Turkey and the U.S. have deep-rooted strategic relations that cannot change overnight despite differences of opinion regarding some policies, Defense Minister Hulusi Akar said.
In response to a question about Ankara’s relations with the new Biden administration in Washington, Akar told a virtual summit of the 12th Halifax Security Forum that Turkey and the U.S. have been “unchangeable allies” for 70 years.
“Our relations may have highs and lows, and we may have a clash of ideas at times, but we must not forget that we have the ability to overcome all issues through our longstanding cooperation and dialogue,” Akar said, adding that the two countries have worked in cooperation in the Korean War and the conflicts in Somalia, the Balkans, Afghanistan and other places throughout the world.
“We hope to work with our counterparts during the new U.S. administration era,” Akar said.
Touching on the S-400 missile system crisis between Ankara and Washington, Akar said Turkey is still eager to relieve U.S. concerns about the missiles.
“We need to abstain from using threatening rhetoric and sanctions when approaching disputes as two countries that have been allies for 70 years,” the defense minister said, adding that Turkey is a strategic country in a wide region.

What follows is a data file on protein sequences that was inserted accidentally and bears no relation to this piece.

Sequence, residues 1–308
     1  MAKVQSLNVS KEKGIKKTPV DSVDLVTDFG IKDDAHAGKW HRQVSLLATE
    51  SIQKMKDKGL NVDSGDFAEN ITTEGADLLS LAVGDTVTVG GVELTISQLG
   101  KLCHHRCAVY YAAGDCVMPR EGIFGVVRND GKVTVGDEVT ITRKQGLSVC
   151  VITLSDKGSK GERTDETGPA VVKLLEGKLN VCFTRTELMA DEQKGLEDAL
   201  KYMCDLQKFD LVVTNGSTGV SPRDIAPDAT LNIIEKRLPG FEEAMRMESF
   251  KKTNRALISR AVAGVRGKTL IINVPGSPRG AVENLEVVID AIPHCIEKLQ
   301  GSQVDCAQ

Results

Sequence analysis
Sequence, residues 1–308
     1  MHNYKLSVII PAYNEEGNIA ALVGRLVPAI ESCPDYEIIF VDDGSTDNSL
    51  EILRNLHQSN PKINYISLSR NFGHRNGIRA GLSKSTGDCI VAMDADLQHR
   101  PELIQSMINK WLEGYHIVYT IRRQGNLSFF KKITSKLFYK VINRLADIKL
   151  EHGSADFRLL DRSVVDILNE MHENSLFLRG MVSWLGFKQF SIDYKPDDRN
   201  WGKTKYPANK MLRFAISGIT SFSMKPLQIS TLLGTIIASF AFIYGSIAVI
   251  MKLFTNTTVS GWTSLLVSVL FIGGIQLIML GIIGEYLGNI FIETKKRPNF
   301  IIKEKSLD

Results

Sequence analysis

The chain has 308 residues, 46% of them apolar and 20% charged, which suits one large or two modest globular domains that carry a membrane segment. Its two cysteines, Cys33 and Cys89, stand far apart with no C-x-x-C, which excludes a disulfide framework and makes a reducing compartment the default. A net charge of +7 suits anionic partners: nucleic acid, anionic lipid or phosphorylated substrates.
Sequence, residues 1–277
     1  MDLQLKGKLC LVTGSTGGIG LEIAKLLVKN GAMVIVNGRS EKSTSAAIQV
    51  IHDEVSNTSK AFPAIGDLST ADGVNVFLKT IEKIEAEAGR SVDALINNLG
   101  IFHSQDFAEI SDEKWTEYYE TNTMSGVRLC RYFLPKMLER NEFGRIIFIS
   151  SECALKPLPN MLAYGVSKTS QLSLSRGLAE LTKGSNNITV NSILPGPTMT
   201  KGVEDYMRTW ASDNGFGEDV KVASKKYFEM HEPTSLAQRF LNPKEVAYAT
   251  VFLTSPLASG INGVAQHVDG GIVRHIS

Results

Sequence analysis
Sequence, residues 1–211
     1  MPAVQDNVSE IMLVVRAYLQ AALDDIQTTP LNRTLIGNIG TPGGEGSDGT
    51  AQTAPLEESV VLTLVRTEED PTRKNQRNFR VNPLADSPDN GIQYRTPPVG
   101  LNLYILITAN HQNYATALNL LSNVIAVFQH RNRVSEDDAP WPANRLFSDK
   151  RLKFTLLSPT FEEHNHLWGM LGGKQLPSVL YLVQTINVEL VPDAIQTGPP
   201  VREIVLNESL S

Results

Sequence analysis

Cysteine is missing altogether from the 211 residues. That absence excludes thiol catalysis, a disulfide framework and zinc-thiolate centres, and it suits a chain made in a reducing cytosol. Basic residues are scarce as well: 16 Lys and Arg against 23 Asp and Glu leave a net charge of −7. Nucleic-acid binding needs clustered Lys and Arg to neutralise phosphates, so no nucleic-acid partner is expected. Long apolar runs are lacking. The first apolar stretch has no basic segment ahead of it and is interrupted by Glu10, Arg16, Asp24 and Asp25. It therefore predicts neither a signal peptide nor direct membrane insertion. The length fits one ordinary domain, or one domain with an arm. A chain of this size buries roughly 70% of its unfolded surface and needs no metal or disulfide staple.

Akar also highlighted Turkey’s active role in NATO, saying that it is one of the top five countries that militarily contribute and one of the top eight financial contributors to the bloc.
He noted that Turkey’s priority is to find solutions to common problems in a joint manner.
“We expect mutual solidarity, cooperation and understanding from allied nations,” he added.
Ties between NATO allies Turkey and the U.S. were badly strained last year over Ankara’s acquisition of the advanced S-400 Russian air defense system, prompting Washington to remove Turkey from its F-35 Lightning II jet program.
The U.S. argued that the system could be used by Russia to covertly obtain classified details on the Lockheed Martin F-35 jets and is incompatible with NATO systems. Turkey, however, insists that the S-400 system would not be integrated into NATO systems and would not pose a threat to the alliance.
Ankara has repeatedly stressed it was the U.S.' refusal to sell it Patriot missiles that led it to seek other sellers, adding that Russia had offered a better deal, including technology transfers. Turkey even proposed setting up a commission to clarify any technical issues. During a visit to Washington last November, President Recep Tayyip Erdoğan met with U.S. President Donald Trump and agreed with him on setting up a working group.
Recent issues, including the Syrian conflict, the S-400 missiles and the extradition of Fetullah Gülen, the mastermind of the July 15 coup attempt orchestrated by the Gülenist Terror Group (FETÖ), have led to mounting tensions between the two partners.